How can we build agents that keep learning from experience, quickly and efficiently, after their initial training? Here we take inspiration from the main mechanism of learning in biological brains: synaptic plasticity, carefully tuned by evolution to produce efficient lifelong learning. We show that plasticity, just like connection weights, can be optimized by gradient descent in large (millions of parameters) recurrent networks with Hebbian plastic connections. First, recurrent plastic networks with more than two million parameters can be trained to memorize and reconstruct sets of novel, high-dimensional 1000+ pixels natural images not seen during training. Crucially, traditional non-plastic recurrent networks fail to solve this task. Furthermore, trained plastic networks can also solve generic meta-learning tasks such as the Omniglot task, with competitive results and little parameter overhead. Finally, in reinforcement learning settings, plastic networks outperform a non-plastic equivalent in a maze exploration task. We conclude that differentiable plasticity may provide a powerful novel approach to the learning-to-learn problem.
Biological plastic neural networks are systems of extraordinary computational capabilities shaped by evolution, development, and lifetime learning. The interplay of these elements leads to the emergence of adaptive behavior and intelligence. Inspired by such intricate natural phenomena, Evolved Plastic Artificial Neural Networks (EPANNs) use simulated evolution in-silico to breed plastic neural networks with a large variety of dynamics, architectures, and plasticity rules: these artificial systems are composed of inputs, outputs, and plastic components that change in response to experiences in an environment. These systems may autonomously discover novel adaptive algorithms, and lead to hypotheses on the emergence of biological adaptation. EPANNs have seen considerable progress over the last two decades. Current scientific and technological advances in artificial neural networks are now setting the conditions for radically new approaches and results. In particular, the limitations of hand-designed networks could be overcome by more flexible and innovative solutions. This paper brings together a variety of inspiring ideas that define the field of EPANNs. The main methods and results are reviewed. Finally, new opportunities and developments are presented.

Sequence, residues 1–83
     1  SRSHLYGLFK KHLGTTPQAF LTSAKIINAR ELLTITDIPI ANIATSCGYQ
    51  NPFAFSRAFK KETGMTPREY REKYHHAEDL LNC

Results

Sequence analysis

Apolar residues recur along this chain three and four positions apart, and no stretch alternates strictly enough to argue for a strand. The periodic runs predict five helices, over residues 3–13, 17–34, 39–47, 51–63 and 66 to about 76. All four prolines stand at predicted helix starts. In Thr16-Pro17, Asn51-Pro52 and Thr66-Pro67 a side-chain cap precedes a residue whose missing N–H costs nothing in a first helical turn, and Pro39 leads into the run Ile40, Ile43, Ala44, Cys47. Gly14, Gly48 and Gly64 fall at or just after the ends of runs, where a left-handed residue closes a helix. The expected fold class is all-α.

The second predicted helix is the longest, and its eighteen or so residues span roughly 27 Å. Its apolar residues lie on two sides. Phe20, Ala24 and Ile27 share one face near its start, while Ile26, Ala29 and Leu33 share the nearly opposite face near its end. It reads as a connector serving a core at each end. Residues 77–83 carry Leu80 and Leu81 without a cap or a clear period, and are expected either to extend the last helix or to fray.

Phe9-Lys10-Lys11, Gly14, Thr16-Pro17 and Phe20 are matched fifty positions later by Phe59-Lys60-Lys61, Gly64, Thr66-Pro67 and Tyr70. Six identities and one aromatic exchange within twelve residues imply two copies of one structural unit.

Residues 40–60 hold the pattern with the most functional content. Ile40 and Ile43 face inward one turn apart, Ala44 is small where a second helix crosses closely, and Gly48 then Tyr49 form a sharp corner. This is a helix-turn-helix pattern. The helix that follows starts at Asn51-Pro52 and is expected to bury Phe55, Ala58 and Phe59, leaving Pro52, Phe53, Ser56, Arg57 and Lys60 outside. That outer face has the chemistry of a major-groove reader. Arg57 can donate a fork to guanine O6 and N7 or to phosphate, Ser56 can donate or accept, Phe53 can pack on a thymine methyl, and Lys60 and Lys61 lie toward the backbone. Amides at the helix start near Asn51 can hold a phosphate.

Humans and animals have the ability to continually acquire and fine-tune knowledge throughout their lifespan. This ability is mediated by a rich set of neurocognitive functions that together contribute to the early development and experience-driven specialization of our sensorimotor skills. Consequently, the ability to learn from continuous streams of information is crucial for computational learning systems and autonomous agents (inter)acting in the real world. However, continual lifelong learning remains a long-standing challenge for machine learning and neural network models since the incremental acquisition of new skills from non-stationary data distributions generally leads to catastrophic forgetting or interference. This limitation represents a major drawback also for state-of-the-art deep neural network models that typically learn representations from stationary batches of training data, thus without accounting for situations in which the number of tasks is not known a priori and the information becomes incrementally available over time. In this review, we critically summarize the main challenges linked to continual lifelong learning for artificial learning systems and compare existing neural network approaches that alleviate, to different extents, catastrophic interference. Although significant advances have been made in domain-specific continual lifelong learning with neural networks, extensive research efforts are required for the development of general-purpose artificial intelligence and autonomous agents. We discuss well-established research and recent methodological trends motivated by experimentally observed lifelong learning factors in biological systems. Such factors include principles of neurosynaptic stability-plasticity, critical developmental stages, intrinsically motivated exploration, transfer learning, and crossmodal integration.